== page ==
BWIRE: Journalists must live the talk on their safety as they cover COVID-19 crisis

By , K24 Digital
On Sun, 12 Apr, 2020 22:53 | 3 mins read
media journalists
Journalists at work. PHOTO | FILE
The inability of the media to operate fully during this emergency will frustrate government efforts to enhance public education/awareness and agenda setting on the pandemic. PHOTO | FILE

It's not castigation or blaming, just basic reminders to journalists, as they go on doing the difficult job of covering COVID-19 pandemic.

Your life, your family and colleagues’ lives matter, and you have a personal responsibility to ensure they are protected. Personal awareness and responsibility are as important as the stories you are covering.

In addition, you must be lead examples to practicing what you are telling the public to do.

The masses that are watching the press briefings cannot understand why they are being asked to put on protective gear when those in authority and journalists delivering the information are not adhering to the same. Remember in communications, we have the saying that ‘seeing is believing’.

So appearing on TV with those PPEs suspended or hanging on your chins is doing huge damage to the public campaign on people taking precautions in the face of the pandemic

Watching journalists during daily press briefings on COVID-19 status, many times breaking the social distance requirements, masks on their chins or foreheads suspended and missing gloves depicts professionals oblivious of their safety.

Interventions were made and only a few media houses are allowed to send their crew to the daily briefings, but even the few are reluctant to take care.

It reminds of the Westgate shopping mall terrorists attack when some journalist refused to put on a bulletproof helmet at an active shooting site because it was going to mess up her hair.

Friends called her several, reminding her, but she didn’t hear any of it. Security officers had a difficult time requesting journalists to move some distance from the site, for their safety.

It's happening again, and while a lot has been done to minimize risks to journalists including media houses investing in personal protective equipment for them, and understandably, change is hard to embrace, many are just like some of the health officials are paraded on TV, without putting on the protective gear.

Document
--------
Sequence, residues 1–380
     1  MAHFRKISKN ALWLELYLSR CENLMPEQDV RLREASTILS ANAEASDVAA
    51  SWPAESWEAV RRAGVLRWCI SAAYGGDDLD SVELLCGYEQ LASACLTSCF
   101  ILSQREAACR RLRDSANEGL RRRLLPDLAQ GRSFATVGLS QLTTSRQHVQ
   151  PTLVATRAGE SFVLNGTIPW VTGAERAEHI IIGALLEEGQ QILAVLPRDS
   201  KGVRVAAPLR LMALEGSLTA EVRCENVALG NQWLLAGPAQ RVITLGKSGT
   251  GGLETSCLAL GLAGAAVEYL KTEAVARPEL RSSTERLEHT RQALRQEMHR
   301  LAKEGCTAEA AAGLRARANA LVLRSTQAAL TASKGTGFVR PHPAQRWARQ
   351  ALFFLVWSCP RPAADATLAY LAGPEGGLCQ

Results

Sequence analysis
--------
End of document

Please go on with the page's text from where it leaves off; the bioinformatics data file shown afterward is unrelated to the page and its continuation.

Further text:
It might that they have done a risk analysis and think they are not exposed thus the action, but remember, the guidelines given the Ministry of Health, Media Council of Kenya and internal media guidelines are suffering irreparable damage in terms of public perception.

Yes, it's uncomfortable and sometimes irritating putting on the PPE especially for non -medical staff, but we have no alternative- we simply have to the protective measures that we are telling others to follow.

Journalists must clean their equipment, never leave the equipment on the ground during field assignments and use boom mics during field interviews.

“For the safety of our journalists, please tell the CS to stop live coverage of the updates forthwith. And please help us drum it to journalists that they are not exempt from infection” a colleague sent us a message.

MCK guidelines required that journalists and media practitioners assigned to cover the Coronavirus stories must do a risk analysis to ensure not only their safety but the safety of their families, colleagues and the community.

It further advised that the journalists do a risk analysis to assess their safety, level of exposure (visiting health facilities, interviews with suspects or those with high exposure to the virus) and discuss with your immediate supervisor.

Additionally, journalists who have reported from active outbreak zones are required to stay away from the office or interacting with news sources, family members and others for a period of 14 days and alert relevant offices immediately should they feel unwell.

Currently, we have two journalists in quarantine in Nairobi while 14 who had been exposed while covering a press conference have14 days in self -isolation in a county outside Nairobi.

They have additionally undergone counseling over the same. So it's real and journalists must exercise caution for their own good.

Those working within the areas where the cessation of movements was declared by the Government or past curfew hours, please always remember to carry your press cards and exercise emotional intelligence when dealing with the state agents and members of the public.

In addition to being with the press IDs, please remember to use be sensitive especially with sate agents.

Do not violate curfew regulations unnecessarily without knowledge of your editors or senior security agents and all times do not get into confrontations with authorities and members of the public.

The writer is the Head of media development and Strategy at the Media Council of Kenya and is journalists, safety trainer.